Buying your first home – 7 Important things people forget

Buying your first home – 7 Important things people forget

buying-your-first-homeAmidst the excitement, frustration and sometimes overwhelming anguish, it’s quite easy to overlook the crucial elements contributing to a successful first home purchase.

Inexperience is the common denominator amongst first home buyers, more so associated with failing to realise the sneaky costs that multiply by the thousand. Preparing for the mammoth task ahead saves you more than dollars, it also eliminates stress and time-wasting activity.

If you don’t adequately allow your budget to cover these extra expenses, you’re going to have a terrible experience – and buying a home should be full of happiness and positive emotion!

Let’s take a look at the seven most important factors people tend to forget about whilst on the home buyer’s journey.

1. Loan Pre-approval

Loan pre-approval is the most crucial, first step of the process confirming a realistic figure that you’re eligible to borrow. This preapproval is not only a budgeting tool, but shows you’re not another time-waster and you’re serious about making a purchasing commitment.

2. Stamp duty Tax

The number of first home buyers that don’t understand, or allow for stamp duty when making budget calculations is alarming. This is usually because this tax is paid till the process is finalised and the property settles.

A percentage of the purchase price must be paid as a stamp duty tax when purchasing property in Australia. It is recommended to allow at least 3% of the purchase price to cover stamp duty tax.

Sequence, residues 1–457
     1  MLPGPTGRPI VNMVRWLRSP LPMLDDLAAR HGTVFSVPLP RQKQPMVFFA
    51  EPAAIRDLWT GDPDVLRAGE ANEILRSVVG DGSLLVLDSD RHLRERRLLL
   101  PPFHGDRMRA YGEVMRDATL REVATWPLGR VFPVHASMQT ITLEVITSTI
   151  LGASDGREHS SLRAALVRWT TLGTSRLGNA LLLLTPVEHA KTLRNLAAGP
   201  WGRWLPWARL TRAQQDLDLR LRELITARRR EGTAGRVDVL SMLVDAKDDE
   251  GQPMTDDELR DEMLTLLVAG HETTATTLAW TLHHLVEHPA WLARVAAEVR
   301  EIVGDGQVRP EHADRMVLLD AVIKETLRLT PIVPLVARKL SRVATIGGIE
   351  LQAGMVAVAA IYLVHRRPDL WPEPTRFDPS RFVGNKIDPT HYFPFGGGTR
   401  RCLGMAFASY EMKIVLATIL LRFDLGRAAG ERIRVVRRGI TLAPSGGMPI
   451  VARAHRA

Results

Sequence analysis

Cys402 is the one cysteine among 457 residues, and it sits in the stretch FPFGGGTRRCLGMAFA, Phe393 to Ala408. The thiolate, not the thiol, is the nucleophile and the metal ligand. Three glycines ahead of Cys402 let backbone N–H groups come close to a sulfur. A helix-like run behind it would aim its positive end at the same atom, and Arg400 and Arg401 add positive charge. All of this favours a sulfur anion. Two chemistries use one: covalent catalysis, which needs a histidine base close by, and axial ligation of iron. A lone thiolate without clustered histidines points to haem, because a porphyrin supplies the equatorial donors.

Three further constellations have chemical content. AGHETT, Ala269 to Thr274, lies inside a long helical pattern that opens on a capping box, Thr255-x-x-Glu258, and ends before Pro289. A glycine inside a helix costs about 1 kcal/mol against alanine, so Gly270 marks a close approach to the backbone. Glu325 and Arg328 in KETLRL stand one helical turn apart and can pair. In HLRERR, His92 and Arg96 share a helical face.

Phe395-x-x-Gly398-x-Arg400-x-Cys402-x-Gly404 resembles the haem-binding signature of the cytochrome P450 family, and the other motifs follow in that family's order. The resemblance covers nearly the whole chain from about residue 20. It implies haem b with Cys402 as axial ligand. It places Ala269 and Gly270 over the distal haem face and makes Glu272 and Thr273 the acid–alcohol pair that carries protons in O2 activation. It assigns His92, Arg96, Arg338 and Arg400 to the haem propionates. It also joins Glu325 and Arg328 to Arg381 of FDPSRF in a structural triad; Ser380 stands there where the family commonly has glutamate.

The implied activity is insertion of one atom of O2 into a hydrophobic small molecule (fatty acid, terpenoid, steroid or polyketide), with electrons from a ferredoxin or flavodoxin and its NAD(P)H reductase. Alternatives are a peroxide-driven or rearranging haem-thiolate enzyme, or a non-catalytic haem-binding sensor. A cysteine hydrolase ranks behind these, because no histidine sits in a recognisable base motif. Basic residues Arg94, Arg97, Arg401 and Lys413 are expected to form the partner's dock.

3. Lender’s Mortgage Insurance

Another misunderstood costs is Lender’s Mortgage Insurance. This only becomes an expense if you’re planning to borrow more than 80% of the property’s value.

This is designed to protect the lender in the event that you default on your mortgage. If you don’t wish to take out an LMI policy, in most cases you’ll be required to save a significantly larger deposit.

4. Contract of Sale

The Contract of Sale is the document that makes it ‘real’. The terms in this contract must be overseen by a property law expert, a conveyancer. Before going ahead and literally signing your life away, ensure this document is reviewed, deciphered and explained properly to you.

This also provides peace of mind knowing that no hidden terms or nasty surprises will unexpectedly pop up in the future.

5. Conveyancing

This is the legal transitioning process between the vendor and buyer directly leading to the settlement.

As well as often being difficult to get your head around, conveyancing fees are generally hefty too. It’s common for first home buyers to seriously underestimate this expense and importance of this stage of the buying process.

6. Statement of Adjustments

Prior to settlement, a conveyance will draw up a statement of adjustments. Some expenses may have to be adjusted depending on the specifics, and nature of the sale. This could mean saving money, or unexpectedly forking more out – another expense to be considered.

7. Professional Inspections

Remember, looks can be deceiving. This means although a home may tick all the boxes from standing on the front lawn, a professional inspection may prove otherwise. Professionals can uncover things that you may not see when emotion begins to cloud your judgement.

Not to be discouraging or burst your bubble, but professional property inspections, sometime numerous, are imperative before making any decisions.

As mentioned before, buying your first home can quickly become the most overwhelming experienced of your life. Whether it’s in terms of a positive or negative one depends on your own degree of preparation.

Consult an expert to confirm you’re all set to begin your journey, and secure a hassle-free, successful purchase.

For more helpful information, read our First home buyer FAQ’s.

Good luck!

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